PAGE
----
The Producer tells the Director “Here’s the location you got”.
The Director tells the DP “Here’s what I want to shoot.”
The DP tells the Gaffer “This is how I want to light this.”
The Gaffer tells the Key Grip “This is how I need to rig the lighting.”
The Art Director tells the Director “This is how I see the art working.”
Everyone tells the Producer “This is what I need – to do this.”
And the Assistant Director is to make sure all of this happens – on set.
- At the location look for: holding area for production, holding area for ad agency, a area for product set up, a area set up for hair/make-up and wardrobe, camera area, craft service area, an area for lunch, the area for the actual filming, and a area for crew to store equipment and still operate without interfering with the filming.
- Draw a diagram of the entire area and place these groups in them.
- Check out power supply. This is important for the Gaffer because a generator may be required if there is no power supply to tie into.
- And lastly – make sure everything looks safe and will be safe. The Assistant Director is totally responsible for all the crew and talents safety on the set.
ASSISTANT DIRECTING PROCEDURE
- Once you have established all information with the director and the producer – start your Assistant Director set up.
- Take the storyboards and the treatment and cut them up in the order they can be shot. Elements that help you design your Shooting Order are: the environment the Director needs to be in, the product’s readiness, estimation of crews set up speed, the props needed, and how close to meal time you will be.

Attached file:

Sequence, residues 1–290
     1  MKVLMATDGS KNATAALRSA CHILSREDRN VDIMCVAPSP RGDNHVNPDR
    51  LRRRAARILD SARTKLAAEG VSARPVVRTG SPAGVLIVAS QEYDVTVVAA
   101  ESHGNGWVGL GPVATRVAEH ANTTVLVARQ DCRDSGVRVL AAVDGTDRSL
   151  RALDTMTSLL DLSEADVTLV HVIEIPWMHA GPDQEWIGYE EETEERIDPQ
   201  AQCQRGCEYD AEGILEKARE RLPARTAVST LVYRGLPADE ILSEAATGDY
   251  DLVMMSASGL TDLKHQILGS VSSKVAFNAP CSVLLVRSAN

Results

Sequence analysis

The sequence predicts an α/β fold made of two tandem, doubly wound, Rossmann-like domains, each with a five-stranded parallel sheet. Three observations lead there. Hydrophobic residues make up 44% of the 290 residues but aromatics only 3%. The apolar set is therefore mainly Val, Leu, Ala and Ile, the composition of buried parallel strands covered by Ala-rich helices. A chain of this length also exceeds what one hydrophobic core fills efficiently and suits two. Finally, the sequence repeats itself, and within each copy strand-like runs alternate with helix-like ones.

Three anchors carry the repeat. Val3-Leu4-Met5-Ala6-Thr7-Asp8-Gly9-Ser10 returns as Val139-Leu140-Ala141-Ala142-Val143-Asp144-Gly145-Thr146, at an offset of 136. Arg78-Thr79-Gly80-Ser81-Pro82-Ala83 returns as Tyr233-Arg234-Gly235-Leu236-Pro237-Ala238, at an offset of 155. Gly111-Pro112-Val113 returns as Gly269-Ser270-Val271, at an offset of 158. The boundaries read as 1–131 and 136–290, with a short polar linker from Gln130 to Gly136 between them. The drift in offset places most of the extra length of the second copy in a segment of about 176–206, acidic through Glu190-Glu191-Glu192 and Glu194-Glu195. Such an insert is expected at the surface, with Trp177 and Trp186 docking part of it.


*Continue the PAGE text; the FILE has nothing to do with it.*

- If there are going to be many vehicles and Winnebago’s – do diagram of the streets and place all production vehicles in their respected areas, and in order of importance – to keep the set running smoothly.
- Make a booklet based on all of this information with the storyboards and treatment – cut up to your operating method. Also paste this information on a large piece of foam core to be used on set.
DAY BEFORE THE SHOOT
- Call crew and talent for there call times needed on set. When I first started in this business I was so nervous calling people but as you go along you will realize how much respect and trust you gain for giving people their official call times.
- Check off their names – which ones you talked to and which ones you left a message with.
- Even remind the Director and the Producer of their call times.
- Check with Production if the ad agency and client have call times for shoot.
- Make sure product and all elements the ad agency required – are scheduled for the appropriate call times on set.
- Decide which Production Assistants are going to be your point people.
- Make sure your fore core board is being delivered to the set.